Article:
Medicare about 18 months ago started testing bundled payments under its Acute Care Episode Demonstration Program (ACE) with five organizations, but wants 200 to 300 sites ready for a large-scale pilot program launching in January 2013. Whether the pressure is coming from Medicare or other insurers, "bundling is coming at us at breakneck speed," says Robert Minkin, senior vice president at The Camden Group, a health care management consultancy.
Presenting at Health Data Management's Web seminar, "Healthcare Bundled Payments: The Good, Bad and Ugly," on June 28, Minkin walked attendees through the complexities of the emerging payment system to pay one sum for an episode of inpatient treatment, split among the treating providers for all services related to the inpatient stay.
Bundling is coming fast, he notes, because early results show it produces more than twice as many savings as other reimbursement methodologies. ACE is different in many ways, most notable in that gainsharing with physicians is legal and Medicare beneficiaries also share in savings--receiving up to $1,158 to see if financial incentives will change their behavior.
Early results of ACE also show benefits for providers, Minkin says. Exempla Healthcare in Colorado, for instance, saw a 10 percent increase in its volume of cardiac care for one year under the program while actual costs decreased by 10 percent. And a bundled sponsor can pay physicians much quicker than Medicare currently pays.
But bundled payments and figuring out who gets paid what is a complicated endeavor.
Providers participating include those offering laboratory, radiology and EKG tests as well as other pertinent services pre-hospitalization; the hospital where the inpatient stay occurred; and post-hospitalization sites such as rehabilitation centers, skilled nursing facilities and home care agencies.
Any effort to reduce cost must include decreasing utilization, such as eliminating medically unnecessary services or incurring fewer avoidable complications, advises co-presenter Andrew Baskin, M.D., national medical director for quality and performance measurement at Aetna Inc.
Using knee replacement surgery as an example, Baskin explained the myriad of questions that organizations entering into bundled payment programs face. When does the bundle start--the date of surgery, the surgical decision date or 30 days prior to the surgery date? Which patients are eligible to participate? If a program doesn't include the sicker patients, there's far less opportunity for savings, he notes.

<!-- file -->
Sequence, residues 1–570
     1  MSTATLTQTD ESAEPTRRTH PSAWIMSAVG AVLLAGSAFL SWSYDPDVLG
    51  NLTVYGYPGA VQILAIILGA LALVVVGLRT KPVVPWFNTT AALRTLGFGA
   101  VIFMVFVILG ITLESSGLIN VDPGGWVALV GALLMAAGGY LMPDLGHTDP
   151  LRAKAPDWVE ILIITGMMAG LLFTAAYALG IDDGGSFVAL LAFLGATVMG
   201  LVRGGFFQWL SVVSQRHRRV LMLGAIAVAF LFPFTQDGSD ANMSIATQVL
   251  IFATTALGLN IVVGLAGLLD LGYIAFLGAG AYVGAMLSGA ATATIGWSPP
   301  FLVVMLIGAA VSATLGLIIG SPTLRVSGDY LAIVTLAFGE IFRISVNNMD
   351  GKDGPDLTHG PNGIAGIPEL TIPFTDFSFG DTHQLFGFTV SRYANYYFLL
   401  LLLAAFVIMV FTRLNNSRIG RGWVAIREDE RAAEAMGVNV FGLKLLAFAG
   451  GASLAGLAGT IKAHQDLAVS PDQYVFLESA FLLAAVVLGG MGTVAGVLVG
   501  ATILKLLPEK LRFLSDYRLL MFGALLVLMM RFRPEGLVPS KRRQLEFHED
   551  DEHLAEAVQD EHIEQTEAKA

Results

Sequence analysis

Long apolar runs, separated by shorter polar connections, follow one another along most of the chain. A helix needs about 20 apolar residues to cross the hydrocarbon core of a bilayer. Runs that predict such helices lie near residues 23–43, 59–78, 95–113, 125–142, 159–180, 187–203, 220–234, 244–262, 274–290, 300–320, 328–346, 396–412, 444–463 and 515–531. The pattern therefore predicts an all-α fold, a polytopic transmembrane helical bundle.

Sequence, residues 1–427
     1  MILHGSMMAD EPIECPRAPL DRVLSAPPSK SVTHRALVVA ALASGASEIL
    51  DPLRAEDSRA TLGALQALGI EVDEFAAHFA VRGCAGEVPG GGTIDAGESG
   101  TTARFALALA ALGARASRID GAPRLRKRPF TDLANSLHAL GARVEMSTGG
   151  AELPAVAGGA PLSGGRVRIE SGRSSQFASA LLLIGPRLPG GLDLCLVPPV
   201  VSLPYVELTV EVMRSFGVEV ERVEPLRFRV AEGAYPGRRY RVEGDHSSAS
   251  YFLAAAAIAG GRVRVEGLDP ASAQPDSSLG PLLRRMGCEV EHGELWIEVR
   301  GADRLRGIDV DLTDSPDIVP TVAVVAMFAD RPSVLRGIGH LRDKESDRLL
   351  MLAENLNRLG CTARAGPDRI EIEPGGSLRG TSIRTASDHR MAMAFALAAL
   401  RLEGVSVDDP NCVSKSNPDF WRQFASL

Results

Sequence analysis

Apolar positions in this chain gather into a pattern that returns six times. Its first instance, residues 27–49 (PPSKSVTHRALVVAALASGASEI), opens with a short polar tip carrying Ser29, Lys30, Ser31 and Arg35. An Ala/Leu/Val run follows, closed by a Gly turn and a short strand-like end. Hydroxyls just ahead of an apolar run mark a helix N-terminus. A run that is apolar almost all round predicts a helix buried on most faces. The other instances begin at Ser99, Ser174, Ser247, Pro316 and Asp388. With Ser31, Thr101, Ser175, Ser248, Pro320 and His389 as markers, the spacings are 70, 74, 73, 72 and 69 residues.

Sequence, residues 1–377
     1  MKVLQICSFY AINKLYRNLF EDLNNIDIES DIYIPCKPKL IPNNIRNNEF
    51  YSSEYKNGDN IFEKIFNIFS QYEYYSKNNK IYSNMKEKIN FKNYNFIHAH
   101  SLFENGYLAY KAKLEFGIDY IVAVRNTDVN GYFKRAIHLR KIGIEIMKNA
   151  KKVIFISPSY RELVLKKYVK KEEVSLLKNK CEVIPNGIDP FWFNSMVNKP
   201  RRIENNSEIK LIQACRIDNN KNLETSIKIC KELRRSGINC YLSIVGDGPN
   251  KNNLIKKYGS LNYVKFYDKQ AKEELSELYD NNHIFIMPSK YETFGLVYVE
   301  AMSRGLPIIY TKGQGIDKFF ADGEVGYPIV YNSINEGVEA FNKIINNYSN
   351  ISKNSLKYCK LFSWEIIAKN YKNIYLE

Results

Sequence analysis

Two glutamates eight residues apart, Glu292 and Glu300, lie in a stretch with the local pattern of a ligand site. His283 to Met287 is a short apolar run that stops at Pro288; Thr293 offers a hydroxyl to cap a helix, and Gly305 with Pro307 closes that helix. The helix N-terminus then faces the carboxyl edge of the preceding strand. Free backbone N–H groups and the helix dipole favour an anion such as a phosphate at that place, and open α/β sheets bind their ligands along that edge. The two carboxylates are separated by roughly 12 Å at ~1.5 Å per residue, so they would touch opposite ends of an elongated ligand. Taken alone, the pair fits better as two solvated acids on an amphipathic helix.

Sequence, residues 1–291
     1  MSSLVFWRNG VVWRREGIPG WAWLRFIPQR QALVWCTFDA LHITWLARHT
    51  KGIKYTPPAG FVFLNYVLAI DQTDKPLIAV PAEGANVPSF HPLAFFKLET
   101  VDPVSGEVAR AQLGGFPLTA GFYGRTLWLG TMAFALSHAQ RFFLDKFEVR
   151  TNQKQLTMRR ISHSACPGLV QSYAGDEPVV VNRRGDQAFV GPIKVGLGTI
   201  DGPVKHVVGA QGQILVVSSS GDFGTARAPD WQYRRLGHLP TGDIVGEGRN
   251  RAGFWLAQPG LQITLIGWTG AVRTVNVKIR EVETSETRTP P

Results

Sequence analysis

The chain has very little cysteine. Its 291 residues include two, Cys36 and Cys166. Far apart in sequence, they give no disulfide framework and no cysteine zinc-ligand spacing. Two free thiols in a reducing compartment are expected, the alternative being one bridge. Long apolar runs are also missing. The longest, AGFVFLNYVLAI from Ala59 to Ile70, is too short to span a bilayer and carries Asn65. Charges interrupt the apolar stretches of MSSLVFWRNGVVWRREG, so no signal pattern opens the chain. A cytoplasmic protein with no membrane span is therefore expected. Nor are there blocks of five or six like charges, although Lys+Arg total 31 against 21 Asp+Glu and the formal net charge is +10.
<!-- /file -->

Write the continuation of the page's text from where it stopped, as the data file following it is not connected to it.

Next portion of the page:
Another question: How long is the duration of the bundle--30, 60 or 90 days? Or, 30 days pre-op and 90 days post-op? A duration of only 30 days, Baskin says, doesn't take into account what happens if the knee becomes infected because the infection can't be treated and the knee replaced in that time period.
Still more questions: What happens if a patient is transferred for unavailable emergent treatment--is that in the bundle or not? What about physician claims in the post-operative period? What if a patient needs a pulmonologist because a clot resulted, or a knee develops a rash and a dermatologist is needed?
Walking through many scenarios before a bundling program starts can keep the program from falling apart later, Baskin cautions. "If you don't negotiate these issues and put them in the agreement, at the first incident the agreement unravels."
Insurers, Baskin says, face just as much complexity as providers in bundled payment programs. These claims--comprising all the charges in a single episode of care--must be manually processed and that's a procedure fraught with mistakes, but no auto-adjudication programs have yet been developed for bundled payments.
The Web seminar soon will be archived and available at healthdatamanagement.com/web_seminars.
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